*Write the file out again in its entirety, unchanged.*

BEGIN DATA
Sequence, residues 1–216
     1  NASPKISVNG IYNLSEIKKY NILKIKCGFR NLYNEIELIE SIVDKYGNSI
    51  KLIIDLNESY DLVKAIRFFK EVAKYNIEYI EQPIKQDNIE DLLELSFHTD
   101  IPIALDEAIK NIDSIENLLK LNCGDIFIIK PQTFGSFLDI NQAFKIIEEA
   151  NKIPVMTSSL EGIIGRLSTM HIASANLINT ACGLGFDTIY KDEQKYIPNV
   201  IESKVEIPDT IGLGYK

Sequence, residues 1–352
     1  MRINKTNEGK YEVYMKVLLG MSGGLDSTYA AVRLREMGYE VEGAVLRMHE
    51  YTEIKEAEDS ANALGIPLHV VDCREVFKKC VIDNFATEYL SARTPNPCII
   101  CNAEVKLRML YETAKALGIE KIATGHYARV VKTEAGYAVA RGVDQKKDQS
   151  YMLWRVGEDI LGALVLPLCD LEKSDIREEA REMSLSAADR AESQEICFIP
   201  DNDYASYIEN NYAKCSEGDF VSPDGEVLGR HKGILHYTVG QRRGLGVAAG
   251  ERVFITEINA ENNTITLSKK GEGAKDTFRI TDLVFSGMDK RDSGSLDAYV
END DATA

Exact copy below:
Sequence, residues 1–216
     1  NASPKISVNG IYNLSEIKKY NILKIKCGFR NLYNEIELIE SIVDKYGNSI
    51  KLIIDLNESY DLVKAIRFFK EVAKYNIEYI EQPIKQDNIE DLLELSFHTD
   101  IPIALDEAIK NIDSIENLLK LNCGDIFIIK PQTFGSFLDI NQAFKIIEEA
   151  NKIPVMTSSL EGIIGRLSTM HIASANLINT ACGLGFDTIY KDEQKYIPNV
   201  IESKVEIPDT IGLGYK

Sequence, residues 1–352
     1  MRINKTNEGK YEVYMKVLLG MSGGLDSTYA AVRLREMGYE VEGAVLRMHE
    51  YTEIKEAEDS ANALGIPLHV VDCREVFKKC VIDNFATEYL SARTPNPCII
   101  CNAEVKLRML YETAKALGIE KIATGHYARV VKTEAGYAVA RGVDQKKDQS
   151  YMLWRVGEDI LGALVLPLCD LEKSDIREEA REMSLSAADR AESQEICFIP
   201  DNDYASYIEN NYAKCSEGDF VSPDGEVLGR HKGILHYTVG QRRGLGVAAG
   251  ERVFITEINA ENNTITLSKK GEGAKDTFRI TDLVFSGMDK RDSGSLDAYV